LeBron James, MVP: The Coronation of the King
LeBron James has won the 2008-2009 NBA MVP award. He was given the award this afternoon at the high school gym in Akron, Ohio where he first burst into the national consciousness. He was selected first on 109 of 121 ballots. He totaled 1172 points overall in the voting, outpacing Kobe Bryant, who was second with 698 and two first-place votes. Dwayne Wade was a close third with 680 points and seven first-place votes.
If you’ve been around the BetUS Locker Room for a while you know how I feel about LeBron James. He’s what I would call a transcendent, transformational player. He changes the way people see basketball, what their expectations are for a superstar. It’s his combination of skills, they break the mold of each superstar that has preceded him. His size and passing are reminiscent of Magic. He has the intensity, smoothness and recently, the on the ball defense of Jordan. And there’s something about his speed, his strength and his explosiveness that defy any comparison with anyone.
I think that any real observer of basketball has seen his ascendency coming. He still lacks the veteran polish and dazzling offensive arsenal of Kobe. He doesn’t have the lithe, twisting explosion of Dwayne Wade. All the same, he’s been the best for a while, and this award is merely the cherry; it’s almost like an honorary degree. You know he’s the best, and now he has the papers and letters after his name to go with the game, to quiet any remaining doubters.
There are two main reasons why LeBron won it this year and not last year or next year (although he’ll probably win again next year). First, his team. The improved Cavs went 66-16, the best record in the Association. They acquired Mo Williams, which gave the Cavs a shooter that could legitimately play off LeBron. Mike Brown, the Cavs’ coach, emerged from his defensive shell and created an effective, ball-moving offense.
It’s still amazing to look at that record though. Compare the Lakers and Cavs without LeBron and Kobe: at C it’s Ilgauskas vs. Odom/Bynum, at PF it’s Varejao vs. Gasol, at SG/SF it’s West vs. Ariza and at PG it’s Williams vs. Fisher. The Cavs only have a small backcourt advantage, compared to a huge front court advantage for the Lakers, and the Cavs had the better record. If you cancel out the superstars, the Cavs are much, much worse, and yet they finished with the better record. What does that say about LeBron? Because, you know, Kobe’s no slouch.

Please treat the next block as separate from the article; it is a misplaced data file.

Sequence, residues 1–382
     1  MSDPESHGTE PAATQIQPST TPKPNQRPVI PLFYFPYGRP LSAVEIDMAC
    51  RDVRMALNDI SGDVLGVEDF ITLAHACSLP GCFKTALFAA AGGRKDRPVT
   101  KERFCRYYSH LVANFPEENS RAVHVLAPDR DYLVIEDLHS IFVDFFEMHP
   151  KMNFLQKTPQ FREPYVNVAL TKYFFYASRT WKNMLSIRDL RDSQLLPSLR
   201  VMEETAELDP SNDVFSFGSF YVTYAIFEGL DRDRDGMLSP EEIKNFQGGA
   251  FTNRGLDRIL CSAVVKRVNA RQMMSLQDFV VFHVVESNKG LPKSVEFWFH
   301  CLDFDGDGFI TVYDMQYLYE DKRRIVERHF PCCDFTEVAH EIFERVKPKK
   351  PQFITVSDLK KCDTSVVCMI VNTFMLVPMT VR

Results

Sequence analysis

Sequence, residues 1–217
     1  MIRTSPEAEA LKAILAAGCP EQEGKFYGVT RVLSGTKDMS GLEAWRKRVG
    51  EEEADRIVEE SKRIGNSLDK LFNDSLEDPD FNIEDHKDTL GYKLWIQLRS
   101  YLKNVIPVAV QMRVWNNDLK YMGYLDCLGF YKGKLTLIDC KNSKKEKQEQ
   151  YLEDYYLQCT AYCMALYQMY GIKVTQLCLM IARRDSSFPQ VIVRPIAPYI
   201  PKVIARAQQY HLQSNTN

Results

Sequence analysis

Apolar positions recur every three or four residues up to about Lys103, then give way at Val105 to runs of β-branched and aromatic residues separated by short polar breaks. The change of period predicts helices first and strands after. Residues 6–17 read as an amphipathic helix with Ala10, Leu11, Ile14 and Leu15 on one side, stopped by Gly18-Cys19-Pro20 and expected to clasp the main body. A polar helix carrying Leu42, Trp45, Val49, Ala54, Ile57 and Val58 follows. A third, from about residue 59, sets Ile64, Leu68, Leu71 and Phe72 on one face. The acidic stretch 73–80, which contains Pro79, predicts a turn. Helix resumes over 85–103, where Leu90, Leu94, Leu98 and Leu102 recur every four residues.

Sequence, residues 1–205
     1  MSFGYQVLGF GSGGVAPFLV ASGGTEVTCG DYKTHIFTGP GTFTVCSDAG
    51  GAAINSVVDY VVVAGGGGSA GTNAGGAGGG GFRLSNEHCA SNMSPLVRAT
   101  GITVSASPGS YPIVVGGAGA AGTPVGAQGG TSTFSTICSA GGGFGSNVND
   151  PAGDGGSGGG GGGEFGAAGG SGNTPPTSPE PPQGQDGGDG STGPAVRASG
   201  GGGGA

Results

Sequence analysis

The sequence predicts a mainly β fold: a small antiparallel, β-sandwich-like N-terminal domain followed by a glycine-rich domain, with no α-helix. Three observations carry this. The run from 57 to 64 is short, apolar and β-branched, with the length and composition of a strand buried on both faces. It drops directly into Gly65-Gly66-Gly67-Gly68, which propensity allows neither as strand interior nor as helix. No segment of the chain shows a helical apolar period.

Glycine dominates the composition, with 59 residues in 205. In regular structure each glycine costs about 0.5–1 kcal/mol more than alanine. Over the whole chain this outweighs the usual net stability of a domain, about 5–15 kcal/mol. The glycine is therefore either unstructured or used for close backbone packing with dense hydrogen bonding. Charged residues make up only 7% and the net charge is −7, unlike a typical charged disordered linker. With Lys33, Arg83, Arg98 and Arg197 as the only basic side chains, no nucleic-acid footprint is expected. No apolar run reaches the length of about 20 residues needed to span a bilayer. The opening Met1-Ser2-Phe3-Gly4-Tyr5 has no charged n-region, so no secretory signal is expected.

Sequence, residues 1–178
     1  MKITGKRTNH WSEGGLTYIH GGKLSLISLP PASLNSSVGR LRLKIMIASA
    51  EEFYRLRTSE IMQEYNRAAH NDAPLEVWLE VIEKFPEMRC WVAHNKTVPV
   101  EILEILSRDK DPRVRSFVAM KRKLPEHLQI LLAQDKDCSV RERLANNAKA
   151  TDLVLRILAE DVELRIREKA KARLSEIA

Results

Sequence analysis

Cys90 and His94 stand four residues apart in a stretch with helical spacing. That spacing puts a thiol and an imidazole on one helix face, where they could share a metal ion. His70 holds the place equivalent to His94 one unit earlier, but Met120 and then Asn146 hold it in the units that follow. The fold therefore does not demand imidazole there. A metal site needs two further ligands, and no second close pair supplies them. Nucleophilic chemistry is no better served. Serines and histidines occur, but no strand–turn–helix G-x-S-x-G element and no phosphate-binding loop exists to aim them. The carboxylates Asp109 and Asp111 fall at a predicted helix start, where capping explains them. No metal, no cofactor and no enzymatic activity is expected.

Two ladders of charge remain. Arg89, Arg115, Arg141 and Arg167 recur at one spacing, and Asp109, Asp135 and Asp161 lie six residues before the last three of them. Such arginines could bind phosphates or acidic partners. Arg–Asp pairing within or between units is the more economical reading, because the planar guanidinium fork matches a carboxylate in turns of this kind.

The other factor that led to LeBron taking the award this year is his huge improvement on defense. LeBron was always a decent defender, but with his physical gifts and understanding of the game (as exemplified by his passing) he had the potential to be great, game-changing. This year, he realized that potential. Most commentators say that it was his Olympic experience, watching how Kobe prepares and plays D. Whatever it was, it worked. He’s the best transition defender in the league, with more out-of-nowhere blocked shots than anyone else by a mile. It’s his willingness to guard and shutdown the best player on the opposing team at any position (except maybe center and some point guards). He finished second this year in Defensive Play of the Year voting, which is sensational because his blocks, rebounds and steals, while very respectable, weren’t eye-popping. The voters realized that he doesn’t gamble like D-Wade, he just shuts you down, and his help defense ain’t bad either.
Oh, and of course, there’s his numbers. 28.4ppg, 7.6rpg, 7.2apg, 1.7spg, 1.1bpg all of which led his team. And he only played 37.7mpg, three minutes less than his career average. That’s right. He led the best team in the league in every single significant category. And I didn’t mention it until paragraph six. MVP, no doubt.
The amazing thing about LeBron and his performance this year is that his game isn’t perfect. In fact, it’s nowhere close. His jumper is unreliable and his shot selection suspect. It’s not scary to think about what his game would look like if he had a jumper like Kobe or Jordan, it’s blinding. I’m not sure that’s the direction I expect his game to go, though. His size and strength, he’s 6’8 and easily 270lbs, coupled with his balance and passing make him a potential terror in the post, and that’s where I expect his game to improve.
LeBron James is the MVP of the NBA. He may soon add Finals MVP to that resume. So please, next time the Cavs play, just watch him. Watch him on both ends of the floor, watch his passes, the way he attacks the rim, his speed and leaping. Watch the King.